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Posts Tagged ‘darwen moor’

The falls on Stepback Brook

It’s a beautiful, mid-September morning. We reverse the little blue car from the garage, and let the top warm in the sun. It folds down easier when it’s warm, and I’m trying to spare it from further cracking. It’s a little frayed around the edges now, and not surprising at twenty years old, but still keeping the water out, so I’m in no hurry to replace it. We fold it back gently, flip the baffle plate, to keep the wind from sneaking up behind our backs, and make ready for the off. Every warm day from now is a bonus, and possibly the last we can get out with the top down, and enjoy the air.

I’ve wasted half the morning trying to load music onto my phone because I want to avoid the radio, but it’s a new phone and I can’t make head nor tail of it, so we’ll make do with the company of our thoughts as we drive instead. It’s a short run today, over the moors to the Royal, at Ryal Fold. It’s cool on the road, but pleasantly so with the heater on just a touch. Of the ongoing national mourning, there’s not much in evidence en-route, a few pubs with flags at half-mast. It’s a different story in the Capital, of course, with all-night queues for the lying in state, and extra trains for the influx of tourists.

The King meanwhile courts an occasional bad press for being grumpy. This is from both the political left and right, and both the royalist and the republican media. Memes are spreading across the Internet, some humorous, some spiteful. This seems to hint at the nature of the future relationship. Meanwhile, dissenters are being arrested. Even holding up a blank piece of paper will get you nabbed.

One broadcaster mistakes a crowd protesting the killing of a young black man by the Met, believing them instead to be well-wishers. It must be difficult trying to keep the commentary up for so long, when not everyone is following the same script.

Anyway, the car park at the Royal is busy, lots of people sitting out in the sunshine, enjoying an early lunch, but the Union Jacks are absent. There is an intoxicating scent of cooking and coffee, mingled with the moorland air. The plan is a circular walk to Darwen Tower, as I have it on reliable authority it is definitely open now after its years’ long refurbishment.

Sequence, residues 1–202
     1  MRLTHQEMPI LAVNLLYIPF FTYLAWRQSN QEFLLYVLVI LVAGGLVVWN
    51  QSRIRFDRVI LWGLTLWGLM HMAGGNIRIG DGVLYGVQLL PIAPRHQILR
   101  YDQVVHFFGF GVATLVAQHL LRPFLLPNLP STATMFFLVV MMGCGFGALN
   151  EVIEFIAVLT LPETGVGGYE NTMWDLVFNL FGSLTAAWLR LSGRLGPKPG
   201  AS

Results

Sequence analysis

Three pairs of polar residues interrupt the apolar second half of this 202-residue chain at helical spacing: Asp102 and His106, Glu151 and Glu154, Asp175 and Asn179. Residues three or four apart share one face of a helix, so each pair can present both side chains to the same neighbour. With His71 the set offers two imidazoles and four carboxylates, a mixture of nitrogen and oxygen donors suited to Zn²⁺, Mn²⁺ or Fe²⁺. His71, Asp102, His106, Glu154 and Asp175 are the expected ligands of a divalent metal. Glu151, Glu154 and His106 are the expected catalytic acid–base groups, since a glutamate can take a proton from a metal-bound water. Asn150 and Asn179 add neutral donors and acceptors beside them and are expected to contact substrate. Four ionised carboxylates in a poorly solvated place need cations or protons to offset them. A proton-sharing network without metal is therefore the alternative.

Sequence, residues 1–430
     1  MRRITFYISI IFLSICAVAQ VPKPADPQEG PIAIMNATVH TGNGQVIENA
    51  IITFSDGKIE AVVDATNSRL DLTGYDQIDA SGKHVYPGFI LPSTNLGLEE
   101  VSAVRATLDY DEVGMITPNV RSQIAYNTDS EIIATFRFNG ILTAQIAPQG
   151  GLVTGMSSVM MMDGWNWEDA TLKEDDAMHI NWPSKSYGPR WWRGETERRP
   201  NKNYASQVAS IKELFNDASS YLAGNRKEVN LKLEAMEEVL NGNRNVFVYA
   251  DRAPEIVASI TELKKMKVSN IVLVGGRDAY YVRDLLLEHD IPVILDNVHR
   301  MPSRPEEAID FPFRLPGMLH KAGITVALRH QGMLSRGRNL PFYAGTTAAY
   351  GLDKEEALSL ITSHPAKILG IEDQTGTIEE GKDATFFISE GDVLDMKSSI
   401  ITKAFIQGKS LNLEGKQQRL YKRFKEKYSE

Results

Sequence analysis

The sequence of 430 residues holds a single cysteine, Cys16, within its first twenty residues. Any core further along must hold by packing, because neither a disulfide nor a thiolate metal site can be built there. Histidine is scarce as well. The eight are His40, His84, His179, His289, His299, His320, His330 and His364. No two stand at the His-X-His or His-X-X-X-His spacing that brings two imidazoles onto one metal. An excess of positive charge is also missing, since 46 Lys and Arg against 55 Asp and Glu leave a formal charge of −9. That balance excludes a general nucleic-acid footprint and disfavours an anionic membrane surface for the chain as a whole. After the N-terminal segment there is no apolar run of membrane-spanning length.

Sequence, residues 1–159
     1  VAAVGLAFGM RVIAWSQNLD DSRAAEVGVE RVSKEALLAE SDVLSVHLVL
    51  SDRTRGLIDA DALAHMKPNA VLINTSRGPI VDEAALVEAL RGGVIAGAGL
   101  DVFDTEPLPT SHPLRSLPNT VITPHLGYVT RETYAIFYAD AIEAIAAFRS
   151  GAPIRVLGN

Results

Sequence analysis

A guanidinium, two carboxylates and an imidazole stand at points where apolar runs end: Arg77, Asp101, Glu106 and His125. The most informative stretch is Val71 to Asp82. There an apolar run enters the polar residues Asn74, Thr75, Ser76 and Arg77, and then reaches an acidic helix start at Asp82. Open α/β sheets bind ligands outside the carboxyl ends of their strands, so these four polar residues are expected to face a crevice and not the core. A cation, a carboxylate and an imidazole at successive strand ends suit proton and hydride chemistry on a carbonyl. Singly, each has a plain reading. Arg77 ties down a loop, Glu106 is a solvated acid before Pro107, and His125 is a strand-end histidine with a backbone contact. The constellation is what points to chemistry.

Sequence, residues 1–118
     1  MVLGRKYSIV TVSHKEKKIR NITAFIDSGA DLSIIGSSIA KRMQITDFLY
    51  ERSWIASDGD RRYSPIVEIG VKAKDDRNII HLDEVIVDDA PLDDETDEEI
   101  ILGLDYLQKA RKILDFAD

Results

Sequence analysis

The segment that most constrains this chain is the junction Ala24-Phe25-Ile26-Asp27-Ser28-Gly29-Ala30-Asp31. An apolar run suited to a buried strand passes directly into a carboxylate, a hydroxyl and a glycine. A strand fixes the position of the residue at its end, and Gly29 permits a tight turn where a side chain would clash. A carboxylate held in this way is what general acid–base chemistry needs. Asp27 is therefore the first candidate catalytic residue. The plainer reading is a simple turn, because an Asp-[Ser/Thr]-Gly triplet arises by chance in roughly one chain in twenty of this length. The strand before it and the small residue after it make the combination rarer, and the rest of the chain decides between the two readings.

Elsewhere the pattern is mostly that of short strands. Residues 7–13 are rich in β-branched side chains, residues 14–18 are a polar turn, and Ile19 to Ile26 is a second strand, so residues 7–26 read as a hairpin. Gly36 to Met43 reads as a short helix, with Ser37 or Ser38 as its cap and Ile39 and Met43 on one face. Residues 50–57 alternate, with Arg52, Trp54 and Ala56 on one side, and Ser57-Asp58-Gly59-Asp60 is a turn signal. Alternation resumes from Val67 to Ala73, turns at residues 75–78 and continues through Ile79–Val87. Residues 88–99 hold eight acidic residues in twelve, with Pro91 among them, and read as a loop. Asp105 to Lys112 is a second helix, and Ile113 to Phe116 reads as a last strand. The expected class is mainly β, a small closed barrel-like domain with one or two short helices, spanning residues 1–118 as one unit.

We follow the route up Stepback Brook to Lyon’s Den. There’s been rain recently, and the brook is musical, the little wayside fall running nicely, a generous and shapely mare’s tail. So we sneak down into the dell and try a shot or two, but we’re shooting into the sun, and the lens is flaring awkwardly. We’ll be lucky to salvage anything from it, but no one’s counting, and it’s always fun trying. It doesn’t matter. What matters is the day, and to be out in it, and looking at it the right way round.

Eighteen months retired now, and I’m still not sure if I can call it real, not sure if I’m making the best use of the time I’ve been waiting for so long to enjoy. I’m still aware of time ticking down, but now the deadline is not the Devil dragging me back to work on Mondays. It’s something more final, numbered perhaps in summers, and it needs to be overcome, for the sense of pressing time is the Devil itself.

Climbing the track to Lyon’s Den, we spy a note pinned to the fence. Someone is expressing thanks to the kind soul who found their photographs (we presume on a memory card, or something). We sometimes don’t appreciate how much stuff we have on these things, that their loss would be devastating to us. It is a random act of kindness, then, and a reciprocal gesture of appreciation. The finder gains nothing, materially, seeks no reward. It was a rationally meaningless act, then, yet also the act of any decent human being.

Lunch is served on the bench by the little copse above Lyon’s Den. The view from here is breathtaking. The cooler air of these September days cuts the haze, and jacks the clarity dial up to infinity. The Dales are so clear, it’s as if we could walk to them in five minute, the Cumbrian Mountains, too. Closer to hand is Bowland and Pendle, barely a stone’s throw.

An old timer comes ambling slowly by, trailing a pair of ancient Irish Wolf Hounds. They have the scent of my lunch, and are curious. He’s a pleasant soul, bids me good morning, gently tugs his giant creatures onwards, in the direction of the tower. There’s an air of ease, of gentleness to the day. The tower stands out, way across the moor, a Dan Dare rocket-ship, poised for take-off.

Darwen Tower – Yorkshire Dales beyond

So, a random act of kindness – finding a memory card in the mud, and placing it where the owner might find it, should they come looking. The simple goodness of that act has extended beyond returning those treasured photographs to a grateful owner. It has coloured the morning like a charm. It ripples out in time and space.

I have spent a long time on the trail of something “other”. Those more well travelled say it’s a journey that ends with the realisation there is no “other”. I think I know what that means, now. It grants a certain degree of shape to the cosmos that makes more sense, though it actually has no shape, beyond what we grant it, that subject and object are the same thing.